Home grown cuisine with Top Chef Canada contestant Todd Perrin

Todd Perrin brought some much needed Maritime influence to Top Chef Canada. With his unique, but traditional, ingredients and cooking skills, he quickly became a fan favourite and many people were sad to see him go.

Top Chef Canada – Todd Perrin (photo courtesy of Food Network Canada/Insight Productions)

Top Chef Canada – Todd Perrin (photo courtesy of Food Network Canada/Insight Productions)

Why did you decide to apply to be on Top Chef Canada?

A friend sent me the notice of the casting call and for the first time in my working life I actually had time to consider something like Top Chef Canada. In my previous work, I was just too busy to be able to get away for such a long time in the height of summer. I am still amazed that some of the other Chefs could do it given their restaurant commitments. It just sounded like it would be fun and winning $100,000 wasn’t bad motivation either!

What surprised you most about the competition?

A bit cliché, but just how hard it was! It is an extremely difficult competition and I wasn’t really prepared for the intensity and difficulty of the challenges. Having said that I thought I held my own pretty well, but it was very, very tough.

What special items did you bring from home to help you in the competition?

All my specialty items pretty well made it onto the screen, salt fish, seal flipper, moose, capelin (dried and salted). I also had some rabbit, but didn’t get a chance to use it.

And along those same lines… in various challenges you used salt cod, moose and seal flipper. They’re all traditional foods that aren’t used as much (or in some cases hardly ever) in Canadian kitchens anymore. Why did you decide to use them?

They may not be used as often as they used to be, but there are many homes in the country that still enjoy these traditional items – especially here in Newfoundland and Labrador. I mean that’s where I am as a Chef. I try to use local ingredients wherever and whenever I can and I wanted to show that NL food is not all about Fish and Chips. My province offers great ingredients that can be prepared in a myriad of ways and that’s what I hoped to get the opportunity to showcase. Lucky for me I held on long enough to do that pretty well. I felt it important to show these items on Top Chef CANADA, emphasis on the Canada. It was the best way I saw to represent where I come from – both my province and my country.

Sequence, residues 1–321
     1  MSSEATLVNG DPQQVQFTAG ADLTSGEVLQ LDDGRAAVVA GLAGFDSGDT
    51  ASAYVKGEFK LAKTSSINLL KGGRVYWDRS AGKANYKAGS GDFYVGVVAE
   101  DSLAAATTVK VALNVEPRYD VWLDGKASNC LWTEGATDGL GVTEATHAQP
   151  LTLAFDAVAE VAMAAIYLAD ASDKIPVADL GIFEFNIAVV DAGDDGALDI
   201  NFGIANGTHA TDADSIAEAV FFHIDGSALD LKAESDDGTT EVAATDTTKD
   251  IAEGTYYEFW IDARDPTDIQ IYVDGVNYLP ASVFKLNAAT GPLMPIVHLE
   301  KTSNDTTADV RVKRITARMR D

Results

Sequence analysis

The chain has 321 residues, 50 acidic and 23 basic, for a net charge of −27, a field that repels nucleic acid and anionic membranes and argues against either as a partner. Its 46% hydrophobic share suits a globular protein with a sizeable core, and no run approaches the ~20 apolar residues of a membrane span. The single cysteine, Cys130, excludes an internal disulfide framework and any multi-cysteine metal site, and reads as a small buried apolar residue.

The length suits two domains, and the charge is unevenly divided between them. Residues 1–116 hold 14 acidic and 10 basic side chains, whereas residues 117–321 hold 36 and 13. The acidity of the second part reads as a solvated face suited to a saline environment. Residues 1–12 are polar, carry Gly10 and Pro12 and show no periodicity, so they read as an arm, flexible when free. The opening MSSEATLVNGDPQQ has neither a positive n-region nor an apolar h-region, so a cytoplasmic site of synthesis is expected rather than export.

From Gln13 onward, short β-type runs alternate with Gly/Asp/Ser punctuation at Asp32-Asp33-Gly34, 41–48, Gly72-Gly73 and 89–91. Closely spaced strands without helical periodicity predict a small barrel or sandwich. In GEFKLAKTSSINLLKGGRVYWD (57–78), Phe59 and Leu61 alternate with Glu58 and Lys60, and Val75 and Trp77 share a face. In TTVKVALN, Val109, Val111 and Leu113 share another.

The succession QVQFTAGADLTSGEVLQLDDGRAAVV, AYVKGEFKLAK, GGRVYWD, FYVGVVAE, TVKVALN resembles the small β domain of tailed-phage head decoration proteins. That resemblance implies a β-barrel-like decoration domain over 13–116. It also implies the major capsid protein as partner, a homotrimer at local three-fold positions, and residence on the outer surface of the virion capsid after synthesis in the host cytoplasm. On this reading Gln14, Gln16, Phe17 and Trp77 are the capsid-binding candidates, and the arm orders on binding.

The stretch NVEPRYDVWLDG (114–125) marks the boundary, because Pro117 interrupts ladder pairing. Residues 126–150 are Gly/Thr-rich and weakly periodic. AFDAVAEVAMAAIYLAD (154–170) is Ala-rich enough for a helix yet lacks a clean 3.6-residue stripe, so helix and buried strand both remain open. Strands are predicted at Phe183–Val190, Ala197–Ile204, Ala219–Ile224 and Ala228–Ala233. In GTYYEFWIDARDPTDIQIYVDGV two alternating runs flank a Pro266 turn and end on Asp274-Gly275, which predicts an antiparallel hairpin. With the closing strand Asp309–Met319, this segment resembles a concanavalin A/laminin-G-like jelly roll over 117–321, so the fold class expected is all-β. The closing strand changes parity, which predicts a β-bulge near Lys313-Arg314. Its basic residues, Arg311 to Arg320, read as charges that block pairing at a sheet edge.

What has been the reaction to your use of seal flipper since that first episode aired?

Generally very positive. There was a little negativity which given the controversy that sometimes surrounds the seal hunt, was not unexpected. Overall I’d say people respected that I thought it was important enough as a local ingredient to use it. I mean people eat seal! Flipper pie is not everybody’s bag no doubt, but it isn’t a made up dish. Seal meat is a sustainable, healthy readily available protein source that has been eaten here for hundreds of years and prepared properly can be quite delicious!

You’ve worked in some busy kitchens before but are now running your own place. Did you find it hard to adjust from your B&B to the speed of the Top Chef kitchen?

A little, but it’s a bit like riding a bike. I have spent a lot of years working in very busy, well respected restaurants. I have taken a different path for a bit, but I still have those skills. They just needed a little of the dust blown off them perhaps and being with the other Chefs certainly helped to do that. The whole thing has re ignited the fire I used to have in my belly when I worked on a busy line for 14 hrs a day. Not sure my wife is happy about that but there it is!

Did you have any dishes that you wanted to make for the competition but never got a chance to

Except for the winning dish on the final episode,  nothing that really comes to mind. I mean I did have a personal agenda to incorporate the ingredients that we have already talked about, but I really tried to react to the challenges that we were given and not plan my dishes in advance.

Any other future plans that you’d like to share?

We are working on a couple of things. An expansion of The Chef’s Inn to include a small restaurant is on the table. Also working on a couple of concepts to pitch for my own food show perhaps? Who knows about that, but I have been given lots of encouragement to do that. I think there are some people that would like to see more of me doing my thing?! We’ll see.

Other than your own establishment, name one of your favorite places to eat.

Top of Signal Hill watching Humpback whales, with a take out Chicken Curry from International Flavours!

Any last comments?

Just to say a big thanks to everyone involved with Top Chef Canada. I had a blast and would do it all again in a second! Also thanks to the folks who watch the show. The support I have gotten from across the country has been truly humbling and very inspiring. Keep watching for me guys, I hope I can keep spreading the message about accessible, local simple but delicious food! Lastly, I hope that I have helped to dispel that thought that “nice guys finish last” – they finish 8th, or at least on Top Chef Canada they do! 😉

Did you know that they’re casting for Season 2 of Top Chef Canada? I hope more chefs from outside of Toronto apply. It’d be nice to more people from different parts of the country. Imagine what kinds of things someone from up north could do!

You can read all the other past interviews by using this Top Chef Canada list. Got a question for a soon-to-be eliminated contestant? Let me know in the comments!